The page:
Thundersleet, freezing rain, snow. All at the same time. At 0200 CDT.
The excessive weather was, in my opinion, excessive. After all, the normal pattern is for rain to change to freezing rain or a mix, then all snow as the cold air nose wedges in and thickens sufficiently to keep the snow frozen from cloud all the way to surface. That’s what all the textbooks show, and what the test questions want.
Alas that High Plains reality never read the textbooks.
The High Plains of Texas and Oklahoma are currently blanketed with thick clouds as waves of snow, sleet, freezing rain, cold rain, and “all of the above” drift through as bits of energy break off of a low pressure system. The meteorological craziness is thanks to three air-masses, one cool, one well below freezing, and a thin warm layer that advances and retreats from the south-south-east.
How thick the cold-air layer vs. the warm-air layer is determines what falls to the ground. This is what makes freezing rain so tricky to deal with, especially if you are flying anything weaker than a fighter-jet with “hot” wings*. How thick is the layer of freezing rain? Can you climb through it before you lose so much lift that you turn into an expensive brick? Most of the time, the answer is “no, and we’re not going to try, either.” Alas, I’m on the ground under the stuff, so I get to endure and grumble.
The forecast on Sunday was for snow and sleet (sneet) for central areas, snow to the west and north, and freezing rain to the east. Indeed, Oklahoma got freezing rain, and NM got lovely snow. I got woken up at 0200 on Monday to thunder, sleet, snow, and freezing rain. I will spare you my initial reaction, since I try to keep this place PG-13, but “Oh no, not freezing rain” was part of it.**
The morning stayed very, very dark. It wasn’t quite creepy dark, but the clouds certainly blocked the light of the sun.
Day Job started two hours late (yeah!) on Monday. The road condition even then varied from sporting to “good grief!” Snow I can deal with, but ice-snow glaze skating rink roads? I don’t have chains for the truck. I put it in four, assumed that Newton was out to get me, and averaged a blistering 25 MPH. The posted limits ranged from 35 to 50. Lane markings? Sand on road? Hah! Happily, with two exceptions, everyone else also erred on the side of caution, and the exception was given a very wide berth indeed.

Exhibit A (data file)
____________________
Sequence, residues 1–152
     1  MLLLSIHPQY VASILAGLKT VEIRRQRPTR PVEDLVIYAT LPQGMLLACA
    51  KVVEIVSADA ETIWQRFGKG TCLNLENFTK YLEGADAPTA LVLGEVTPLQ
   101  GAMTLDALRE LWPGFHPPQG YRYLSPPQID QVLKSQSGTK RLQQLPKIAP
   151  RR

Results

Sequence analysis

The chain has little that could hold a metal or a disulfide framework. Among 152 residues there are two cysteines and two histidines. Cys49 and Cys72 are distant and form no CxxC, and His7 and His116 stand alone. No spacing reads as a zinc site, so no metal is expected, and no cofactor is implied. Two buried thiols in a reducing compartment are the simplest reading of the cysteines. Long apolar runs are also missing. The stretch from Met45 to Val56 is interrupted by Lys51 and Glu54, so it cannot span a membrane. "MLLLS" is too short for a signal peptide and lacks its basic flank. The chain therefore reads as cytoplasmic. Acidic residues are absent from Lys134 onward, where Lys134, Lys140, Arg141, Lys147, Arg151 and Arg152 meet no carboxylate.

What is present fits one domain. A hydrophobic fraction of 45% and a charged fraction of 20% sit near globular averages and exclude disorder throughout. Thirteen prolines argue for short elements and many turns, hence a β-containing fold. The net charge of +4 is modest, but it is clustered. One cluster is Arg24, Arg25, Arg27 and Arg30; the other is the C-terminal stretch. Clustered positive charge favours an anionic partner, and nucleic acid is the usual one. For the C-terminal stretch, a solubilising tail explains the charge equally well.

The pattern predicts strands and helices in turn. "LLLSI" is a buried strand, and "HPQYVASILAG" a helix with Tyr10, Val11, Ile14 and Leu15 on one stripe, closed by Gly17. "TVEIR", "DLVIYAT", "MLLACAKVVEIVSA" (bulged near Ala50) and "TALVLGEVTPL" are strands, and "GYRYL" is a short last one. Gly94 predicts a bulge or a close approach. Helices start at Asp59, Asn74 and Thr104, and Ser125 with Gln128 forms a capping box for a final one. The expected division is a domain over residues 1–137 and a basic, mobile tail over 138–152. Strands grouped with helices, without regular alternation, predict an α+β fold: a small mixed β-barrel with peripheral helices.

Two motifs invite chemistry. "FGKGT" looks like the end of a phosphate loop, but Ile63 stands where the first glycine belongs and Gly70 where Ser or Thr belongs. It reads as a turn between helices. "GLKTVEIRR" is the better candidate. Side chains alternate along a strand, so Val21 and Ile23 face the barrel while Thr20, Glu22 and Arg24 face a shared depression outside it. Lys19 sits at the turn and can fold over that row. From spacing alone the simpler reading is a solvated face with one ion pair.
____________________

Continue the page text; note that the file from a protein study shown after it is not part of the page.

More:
By the time I left Day Job, the roads had gotten worse, because of the pot-holes in the ice. The city had sanded, but not everywhere, and the rough, slick ride made things a touch sporting still. The drug store was not overpopulated, and signs proclaimed early closing. The cold played a role, since it was 20 F with a wind chill of 4 F. I got home, parked the truck, and hunkered down. The clouds thinned enough that I almost, sort of, considered putting on my dark glasses, but opted not to.
The “weather frogs” are calling for snow, or sleet, or freezing rain, or a mix, maybe some plain rain on Thursday or maybe not, and cold until Thursday, or longer. Reading the forecast discussion is a bit like some horoscopes. The only thing missing is “if the waxing moon rises at the cusp of Virgo while the wind comes from the House of the Bear, then expect snow. If from the House of Scorpio, expect sleet.”
There will be weather. Beyond that? Who knows.
*Some jets can vent bleed air from the engines through the wings, heating the metal so that ice doesn’t form. This requires large engines, or small but powerful engines. Even with “hot” wings, enough ice can build up on the rest of the plane to increase mass to the point that weight and balance become big problems.
**I really did have an “I survived the ’07 ice storm” tee-shirt. It wore out. I don’t want another one, thank you. I like heat and light in my abode. A week without power was no fun, and we were lucky. There were some parts of Arkansas and Oklahoma that were six weeks without power.